Facebook Inc. and its partners have revamped their initial cryptocurrency project plan to issue a multi-currency Libra Coin in an attempt to ease global regulatory concerns. The main highlight of the new plan is the proposed move away from Libra’s original vision of a global digital currency backed by national currencies and into a range of single-currency stablecoins.
The Libra Association, the body in charge of the proposed Libra (LBR) cryptocurrency project has repackaged the digital currency and made a couple of other changes in a bid to make it more acceptable to skeptical regulators worldwide.
This move comes in response to concerns raised by the U.S. Congress and other key stakeholders that a multi-currency digital coin could effectively undermine the monetary sovereignty and monetary policy of central banks, especially if the network were to reach significant expansion and large volumes of payments were made in LBR.
Libra to be Backed by Stablecoins
With the multicurrency aspect of Libra being a major bone of contention, the Libra Association announced that it is now shifting away from that original roadmap and will instead support multiple Libra stablecoins. Under this new setup, each coin will mirror the digital version of a country’s existing currency, meaning we can expect to see LibraUSD, LibraEUR, LibraGBP, LibraYEN, etc.
Libra co-creator, David Marcus made this known in a recent tweet highlighting the creation of single currency stablecoins in addition to the Libra coin.
The 20-second version of the technicalities involved with this updated design is that the group has commissioned a smart contract that ties the fixed nominal weights of underlying stablecoins together so LBR can be seamlessly pegged to their respective values across different countries.
“This will allow people and businesses in the regions whose local currencies have single-currency stablecoins on the Libra network to directly access a stablecoin in their currency… LBR will simply be a digital composite of some of the single-currency stablecoins available on the Libra network.” the Libra Association stated in its updated whitepaper.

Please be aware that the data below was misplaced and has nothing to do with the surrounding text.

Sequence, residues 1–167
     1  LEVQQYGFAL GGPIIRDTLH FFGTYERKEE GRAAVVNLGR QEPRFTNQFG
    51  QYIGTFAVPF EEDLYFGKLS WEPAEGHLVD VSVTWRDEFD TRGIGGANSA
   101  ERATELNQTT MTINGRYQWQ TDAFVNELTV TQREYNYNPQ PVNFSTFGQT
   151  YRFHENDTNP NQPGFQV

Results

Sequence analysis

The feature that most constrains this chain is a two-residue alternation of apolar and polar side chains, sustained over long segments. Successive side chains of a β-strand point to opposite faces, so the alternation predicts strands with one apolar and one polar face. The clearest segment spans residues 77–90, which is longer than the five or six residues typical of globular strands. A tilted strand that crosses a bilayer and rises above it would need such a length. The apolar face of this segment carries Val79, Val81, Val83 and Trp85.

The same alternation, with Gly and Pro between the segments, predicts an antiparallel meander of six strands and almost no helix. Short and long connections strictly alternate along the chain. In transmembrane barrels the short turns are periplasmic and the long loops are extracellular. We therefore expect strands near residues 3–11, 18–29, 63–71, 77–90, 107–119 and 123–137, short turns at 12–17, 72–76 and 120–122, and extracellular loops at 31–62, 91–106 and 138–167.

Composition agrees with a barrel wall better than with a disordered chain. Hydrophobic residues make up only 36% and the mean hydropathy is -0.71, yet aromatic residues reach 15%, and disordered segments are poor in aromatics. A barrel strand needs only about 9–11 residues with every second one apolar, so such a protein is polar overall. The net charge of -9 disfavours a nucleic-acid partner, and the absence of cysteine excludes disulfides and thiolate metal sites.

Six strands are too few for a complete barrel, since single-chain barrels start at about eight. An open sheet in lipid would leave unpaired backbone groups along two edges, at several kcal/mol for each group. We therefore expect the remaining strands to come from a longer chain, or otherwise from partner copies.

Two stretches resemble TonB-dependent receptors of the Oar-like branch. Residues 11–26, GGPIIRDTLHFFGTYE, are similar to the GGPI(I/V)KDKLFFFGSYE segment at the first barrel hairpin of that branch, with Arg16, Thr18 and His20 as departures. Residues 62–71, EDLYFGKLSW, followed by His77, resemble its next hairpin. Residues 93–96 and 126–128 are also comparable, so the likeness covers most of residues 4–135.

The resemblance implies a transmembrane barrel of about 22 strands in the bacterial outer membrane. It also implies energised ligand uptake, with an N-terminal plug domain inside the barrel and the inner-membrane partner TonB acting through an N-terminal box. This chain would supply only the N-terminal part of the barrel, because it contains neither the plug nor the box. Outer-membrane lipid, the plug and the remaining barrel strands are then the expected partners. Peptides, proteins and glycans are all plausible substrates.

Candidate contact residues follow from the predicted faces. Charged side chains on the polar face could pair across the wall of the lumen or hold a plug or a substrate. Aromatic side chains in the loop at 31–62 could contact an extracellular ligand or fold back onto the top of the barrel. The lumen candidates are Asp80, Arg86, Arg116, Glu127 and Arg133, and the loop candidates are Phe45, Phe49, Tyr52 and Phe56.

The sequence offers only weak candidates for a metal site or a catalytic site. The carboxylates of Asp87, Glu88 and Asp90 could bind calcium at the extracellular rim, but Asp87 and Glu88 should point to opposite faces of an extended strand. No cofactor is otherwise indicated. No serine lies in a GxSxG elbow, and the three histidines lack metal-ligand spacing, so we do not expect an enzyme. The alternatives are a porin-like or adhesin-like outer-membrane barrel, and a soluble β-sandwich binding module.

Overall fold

Speaking to Bloomberg, the head of policy for the Libra Association, Dante Disparte outlined their plans to roll out the Libra network by late 2020.
Other Key Changes to the Libra Cryptocurrency Project
The Libra Association is reportedly in talks with Swiss regulators about obtaining a payments license, while also outlining plans to register as a money services business with the U.S. Financial Crimes Enforcement Network.
Another significant change is the project’s abandonment of its initial plans to transition to a permissionless system. This was also in line with concerns raised by regulators that such a system could compromise the security of the Libra payment system.
“Regulators raised thoughtful questions about the perimeter of control for the Libra network — in particular, the need to guard against unknown participants taking control of the system and removing key compliance provisions. We believe it is possible to replicate the key economic properties of a permissionless system through an open, transparent, and competitive market that is inherent to a permissioned system.” The statement read.
When Facebook first unveiled Libra, it was intended as a single global currency backed by a basket of fiat currencies and securities. With the heavy criticism that followed, Libra seemed stuck in a regulatory quagmire. With this revised white paper outlining a more compliant roadmap, however, it would appear that the gears are finally turning again, albeit for the time being.